On the back cover its says: "Think Dead Poets' Society crossed with The Catcher in the Rye". Well, not exactly. The adolescent narrator isn't Holden Caulfield, he's not cracking up; and the school isn't the philistine institution of DPS, quite the contrary. Set in 1960-61, this school has a literary tradition that it's extremely proud of, and its boys are actively encouraged both to read widely and to write themselves. To this end, prestigious writers are invited to the school three times a year and on each occasion a competition is held. The boys are invited to submit a piece of their own writing and the winner receives a private audience with the visitor. This honour is coveted more than just about anything else in the life of the school. The story's narrator is one of a number of hopeful young writers at the school, and in his final term the visiting author is to be his hero, Ernest Hemingway.
This novel delivers all the sweet seriousness and passion of youth. It gives you full-blooded aspiration not yet blunted by bitter experience, though you know this is just around the corner.
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30 of 32 people found the following review helpful By Mary Whipple HALL OF FAMETOP 500 REVIEWER on 3 Jan. 2004
Format: Hardcover
In this homage to literature, the literary life, and the power of literature to influence a reader's life, Tobias Wolff focuses his attention on a small New England prep school in 1960, a school in which students live and breathe "the writing life." The headmaster has studied with Robert Frost, and the Dean is thought to have been a friend of Ernest Hemingway during World War I. To the boys, the English Department is "a kind of chivalric order," where they practice the "ritual swordplay of their speech."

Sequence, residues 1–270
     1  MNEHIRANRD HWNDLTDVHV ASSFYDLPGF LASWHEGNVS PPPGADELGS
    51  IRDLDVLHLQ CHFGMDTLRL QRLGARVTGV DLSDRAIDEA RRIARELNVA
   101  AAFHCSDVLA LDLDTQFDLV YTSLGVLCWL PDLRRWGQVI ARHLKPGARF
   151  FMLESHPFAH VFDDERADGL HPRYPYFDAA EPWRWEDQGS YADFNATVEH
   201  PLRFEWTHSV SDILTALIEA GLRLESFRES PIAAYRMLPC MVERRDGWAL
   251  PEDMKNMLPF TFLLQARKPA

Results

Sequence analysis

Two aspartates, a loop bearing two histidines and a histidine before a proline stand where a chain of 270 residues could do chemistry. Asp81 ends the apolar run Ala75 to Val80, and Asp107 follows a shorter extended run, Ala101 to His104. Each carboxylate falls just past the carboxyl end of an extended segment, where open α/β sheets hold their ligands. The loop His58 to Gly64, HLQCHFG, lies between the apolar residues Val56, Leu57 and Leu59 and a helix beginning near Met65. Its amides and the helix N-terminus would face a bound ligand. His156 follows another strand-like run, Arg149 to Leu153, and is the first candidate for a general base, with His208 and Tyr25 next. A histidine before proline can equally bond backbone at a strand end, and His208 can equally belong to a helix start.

For these students, the highlights of the school year are the three-times-a-year appearances of literary luminaries. When a writer visits, one boy has the opportunity to have a private audience with him, an honor for which the boys contend in vigorously competitive writing contests. The speaker/narrator, a scholarship student, is desperate to win an audience: "My aspirations were mystical," he says. "I wanted to receive the laying on of hands that had written living stories and poems." As various writers--Robert Frost, Ayn Rand, and finally, everyone's idol, Ernest Hemingway--are scheduled to appear at the school, the reader observes the growth of the boys, especially the speaker, as they are influenced by and react to the contest, to each other, to the visiting writers, and to the writers' speeches. In the contest to meet Hemingway, the novel reaches its peak, and in a shocking way, the speaker's life changes forever.
Wolff's novel is most remarkable for its point of view and for its conciseness. We never know what the speaker looks like or even his name, since it is through his eyes that the entire novel is filtered. He is interested in poems and short stories and philosophy and writing, all of which he talks about in detail, not in the observation of his surroundings.